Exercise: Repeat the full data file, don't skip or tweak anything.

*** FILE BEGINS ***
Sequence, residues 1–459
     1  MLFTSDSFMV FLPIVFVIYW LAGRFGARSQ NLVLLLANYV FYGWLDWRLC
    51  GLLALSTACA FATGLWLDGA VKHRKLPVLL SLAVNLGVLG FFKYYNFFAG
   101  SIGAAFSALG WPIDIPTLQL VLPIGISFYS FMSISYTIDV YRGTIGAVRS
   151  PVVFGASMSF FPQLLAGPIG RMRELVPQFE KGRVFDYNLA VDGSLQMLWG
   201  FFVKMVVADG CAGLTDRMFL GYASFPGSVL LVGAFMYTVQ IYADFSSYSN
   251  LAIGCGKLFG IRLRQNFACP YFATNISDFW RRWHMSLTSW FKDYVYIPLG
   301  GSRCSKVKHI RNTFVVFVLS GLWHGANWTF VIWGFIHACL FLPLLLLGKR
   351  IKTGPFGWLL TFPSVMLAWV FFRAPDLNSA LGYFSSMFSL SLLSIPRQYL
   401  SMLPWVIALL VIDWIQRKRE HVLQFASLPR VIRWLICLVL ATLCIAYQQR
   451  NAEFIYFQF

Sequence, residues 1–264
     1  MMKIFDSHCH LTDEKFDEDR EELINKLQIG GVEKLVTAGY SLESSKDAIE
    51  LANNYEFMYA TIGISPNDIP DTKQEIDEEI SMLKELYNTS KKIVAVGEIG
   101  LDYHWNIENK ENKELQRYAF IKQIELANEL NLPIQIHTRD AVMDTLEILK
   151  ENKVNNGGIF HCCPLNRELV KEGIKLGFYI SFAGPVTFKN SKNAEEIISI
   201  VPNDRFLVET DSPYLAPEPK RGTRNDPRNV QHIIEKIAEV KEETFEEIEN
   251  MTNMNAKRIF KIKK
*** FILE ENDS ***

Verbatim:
Sequence, residues 1–459
     1  MLFTSDSFMV FLPIVFVIYW LAGRFGARSQ NLVLLLANYV FYGWLDWRLC
    51  GLLALSTACA FATGLWLDGA VKHRKLPVLL SLAVNLGVLG FFKYYNFFAG
   101  SIGAAFSALG WPIDIPTLQL VLPIGISFYS FMSISYTIDV YRGTIGAVRS
   151  PVVFGASMSF FPQLLAGPIG RMRELVPQFE KGRVFDYNLA VDGSLQMLWG
   201  FFVKMVVADG CAGLTDRMFL GYASFPGSVL LVGAFMYTVQ IYADFSSYSN
   251  LAIGCGKLFG IRLRQNFACP YFATNISDFW RRWHMSLTSW FKDYVYIPLG
   301  GSRCSKVKHI RNTFVVFVLS GLWHGANWTF VIWGFIHACL FLPLLLLGKR
   351  IKTGPFGWLL TFPSVMLAWV FFRAPDLNSA LGYFSSMFSL SLLSIPRQYL
   401  SMLPWVIALL VIDWIQRKRE HVLQFASLPR VIRWLICLVL ATLCIAYQQR
   451  NAEFIYFQF

Sequence, residues 1–264
     1  MMKIFDSHCH LTDEKFDEDR EELINKLQIG GVEKLVTAGY SLESSKDAIE
    51  LANNYEFMYA TIGISPNDIP DTKQEIDEEI SMLKELYNTS KKIVAVGEIG
   101  LDYHWNIENK ENKELQRYAF IKQIELANEL NLPIQIHTRD AVMDTLEILK
   151  ENKVNNGGIF HCCPLNRELV KEGIKLGFYI SFAGPVTFKN SKNAEEIISI
   201  VPNDRFLVET DSPYLAPEPK RGTRNDPRNV QHIIEKIAEV KEETFEEIEN
   251  MTNMNAKRIF KIKK